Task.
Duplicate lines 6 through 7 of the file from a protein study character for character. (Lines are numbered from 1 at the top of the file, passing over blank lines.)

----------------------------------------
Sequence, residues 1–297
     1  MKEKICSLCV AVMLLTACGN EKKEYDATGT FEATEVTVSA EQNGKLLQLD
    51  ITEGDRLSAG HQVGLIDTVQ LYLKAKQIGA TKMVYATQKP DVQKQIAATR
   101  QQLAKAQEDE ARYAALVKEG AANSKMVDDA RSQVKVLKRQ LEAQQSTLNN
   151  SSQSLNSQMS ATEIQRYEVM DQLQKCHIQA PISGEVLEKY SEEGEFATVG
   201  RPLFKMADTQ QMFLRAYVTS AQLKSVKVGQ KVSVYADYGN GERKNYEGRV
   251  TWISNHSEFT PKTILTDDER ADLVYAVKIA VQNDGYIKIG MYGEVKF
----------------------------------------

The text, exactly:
   201  RPLFKMADTQ QMFLRAYVTS AQLKSVKVGQ KVSVYADYGN GERKNYEGRV
   251  TWISNHSEFT PKTILTDDER ADLVYAVKIA VQNDGYIKIG MYGEVKF